Link to Original Source

+ - Claims that Lorentz system describes human emotions debunked

Submitted by Enokcc
Enokcc (1500439) writes "In a series of research articles it was claimed that a famous system of nonlinear differential equations originally used to model atmospheric convection can also be used to model changes in human emotions over time. It took an amateur in psychology with computer science background to notice how extraordinary these claims were, and with the help of experts on psychology he has now published a critique. The latest of the questionable research articles with 360 citations is now "partially withdrawn"."

+ - What Science Says About the Fireplace Delusion 1

Submitted by Hugh Pickens DOT Com
Hugh Pickens DOT Com (2995471) writes "Sam Harris has an interesting essay with an example of secular intransigence that may give readers a sense of how religious people feel when their beliefs are criticized and it has to do with the phenomenon called “the fireplace delusion.” On a cold night, most people consider a well-tended fire to be one of the more wholesome pleasures that humanity has produced writes Harris. "A fire, burning safely within the confines of a fireplace or a woodstove, is a visible and tangible source of comfort to us. We love everything about it: the warmth, the beauty of its flames, and—unless one is allergic to smoke—the smell that it imparts to the surrounding air." But if you feel this way about a wood fire, you are not only wrong but dangerously misguided. Here is what we know from a scientific point of view: There is no amount of wood smoke that is good to breathe. It is at least as bad for you as cigarette smoke, and probably much worse. The smoke from an ordinary wood fire contains hundreds of compounds known to be carcinogenic, mutagenic, teratogenic, and irritating to the respiratory system. Residential wood combustion emissions also contain sulfur oxides, nitrogen oxides, carbon monoxide and potentially carcinogenic compounds including polycyclic aromatic hydrocarbons, benzene, formaldehyde and dioxins (PDF). One study found it to be 30 times more potent a carcinogen. Children who live in homes with active fireplaces or woodstoves, or in areas where wood burning is common, suffer a higher incidence of asthma, cough, bronchitis, nocturnal awakening, and compromised lung function. Among adults, wood burning is associated with more-frequent emergency room visits and hospital admissions for respiratory illness, along with increased mortality from heart attacks. The case against burning wood is every bit as clear as the case against smoking cigarettes. "I have discovered that when I make this case, even to highly intelligent and health-conscious men and women, a psychological truth quickly becomes as visible as a pair of clenched fists: They do not want to believe any of it," writes Harris. "And yet, the reality of our situation is scientifically unambiguous: If you care about your family’s health and that of your neighbors, the sight of a glowing hearth should be about as comforting as the sight of a diesel engine idling in your living room." Of course, if you are anything like my friends, you will refuse to believe this concludes Harris. And that should give you some sense of what we are up against whenever we confront religion."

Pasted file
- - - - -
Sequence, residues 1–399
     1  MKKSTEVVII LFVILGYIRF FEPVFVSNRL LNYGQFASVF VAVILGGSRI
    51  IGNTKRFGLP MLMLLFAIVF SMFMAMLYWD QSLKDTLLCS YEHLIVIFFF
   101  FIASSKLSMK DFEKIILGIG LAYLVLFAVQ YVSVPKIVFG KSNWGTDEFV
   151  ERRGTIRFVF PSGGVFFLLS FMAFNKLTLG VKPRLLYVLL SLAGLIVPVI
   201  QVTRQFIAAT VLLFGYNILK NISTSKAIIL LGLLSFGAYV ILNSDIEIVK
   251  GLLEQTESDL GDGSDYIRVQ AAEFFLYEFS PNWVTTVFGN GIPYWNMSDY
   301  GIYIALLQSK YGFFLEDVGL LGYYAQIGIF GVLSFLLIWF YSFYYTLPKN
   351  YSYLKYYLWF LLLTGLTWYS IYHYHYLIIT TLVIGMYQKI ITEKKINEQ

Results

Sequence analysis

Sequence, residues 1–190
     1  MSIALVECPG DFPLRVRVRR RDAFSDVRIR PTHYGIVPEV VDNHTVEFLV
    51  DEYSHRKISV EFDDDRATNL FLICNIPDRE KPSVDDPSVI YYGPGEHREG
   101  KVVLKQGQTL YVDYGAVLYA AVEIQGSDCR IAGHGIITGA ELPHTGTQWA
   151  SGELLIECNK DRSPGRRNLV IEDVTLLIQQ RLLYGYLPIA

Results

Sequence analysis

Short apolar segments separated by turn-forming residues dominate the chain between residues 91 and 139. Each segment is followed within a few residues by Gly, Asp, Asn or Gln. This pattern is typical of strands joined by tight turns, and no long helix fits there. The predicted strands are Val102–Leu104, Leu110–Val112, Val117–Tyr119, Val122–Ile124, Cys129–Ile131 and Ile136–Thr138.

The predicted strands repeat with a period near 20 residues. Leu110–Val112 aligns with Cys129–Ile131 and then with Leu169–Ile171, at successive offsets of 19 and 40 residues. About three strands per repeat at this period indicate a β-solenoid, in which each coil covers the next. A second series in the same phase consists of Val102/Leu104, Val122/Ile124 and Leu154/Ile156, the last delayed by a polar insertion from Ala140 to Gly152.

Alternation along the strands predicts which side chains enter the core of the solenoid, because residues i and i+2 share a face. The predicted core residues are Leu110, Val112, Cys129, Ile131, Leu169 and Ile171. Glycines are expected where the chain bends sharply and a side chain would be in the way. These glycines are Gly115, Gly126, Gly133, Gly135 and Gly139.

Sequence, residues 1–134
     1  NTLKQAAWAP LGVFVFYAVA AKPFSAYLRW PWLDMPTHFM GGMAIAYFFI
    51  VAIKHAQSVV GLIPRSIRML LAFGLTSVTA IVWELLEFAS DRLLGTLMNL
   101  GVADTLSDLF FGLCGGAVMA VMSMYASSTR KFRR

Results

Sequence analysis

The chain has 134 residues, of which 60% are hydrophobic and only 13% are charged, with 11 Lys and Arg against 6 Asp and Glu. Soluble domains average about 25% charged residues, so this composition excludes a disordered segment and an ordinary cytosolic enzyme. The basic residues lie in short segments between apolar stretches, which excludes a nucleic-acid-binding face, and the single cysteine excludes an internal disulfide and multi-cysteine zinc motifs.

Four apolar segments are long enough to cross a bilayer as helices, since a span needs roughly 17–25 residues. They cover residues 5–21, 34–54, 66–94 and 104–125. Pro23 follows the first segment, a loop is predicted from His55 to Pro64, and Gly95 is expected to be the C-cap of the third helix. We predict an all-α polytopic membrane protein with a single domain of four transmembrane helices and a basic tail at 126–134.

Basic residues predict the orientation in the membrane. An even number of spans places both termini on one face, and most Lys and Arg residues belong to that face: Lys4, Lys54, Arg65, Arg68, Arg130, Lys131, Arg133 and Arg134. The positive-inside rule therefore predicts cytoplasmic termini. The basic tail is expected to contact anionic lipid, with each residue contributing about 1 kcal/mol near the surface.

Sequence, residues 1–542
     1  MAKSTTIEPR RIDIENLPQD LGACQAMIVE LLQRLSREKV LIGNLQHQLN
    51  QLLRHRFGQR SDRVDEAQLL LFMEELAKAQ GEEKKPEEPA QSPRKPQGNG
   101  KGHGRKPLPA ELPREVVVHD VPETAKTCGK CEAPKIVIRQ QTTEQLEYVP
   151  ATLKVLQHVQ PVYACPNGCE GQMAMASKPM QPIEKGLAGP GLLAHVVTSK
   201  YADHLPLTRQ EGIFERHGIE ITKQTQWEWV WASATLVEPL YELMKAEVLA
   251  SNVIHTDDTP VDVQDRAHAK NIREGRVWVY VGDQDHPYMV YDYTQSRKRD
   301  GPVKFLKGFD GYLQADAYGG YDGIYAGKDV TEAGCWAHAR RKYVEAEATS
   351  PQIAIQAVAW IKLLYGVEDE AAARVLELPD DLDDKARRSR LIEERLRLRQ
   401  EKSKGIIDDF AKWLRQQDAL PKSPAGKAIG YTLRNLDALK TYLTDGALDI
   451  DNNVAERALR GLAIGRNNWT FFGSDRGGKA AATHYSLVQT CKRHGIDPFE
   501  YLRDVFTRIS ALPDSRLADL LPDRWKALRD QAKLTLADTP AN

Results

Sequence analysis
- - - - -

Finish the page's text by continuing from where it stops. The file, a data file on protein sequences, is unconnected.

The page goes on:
The "cutting edge" is getting rather dull. -- Andy Purshottam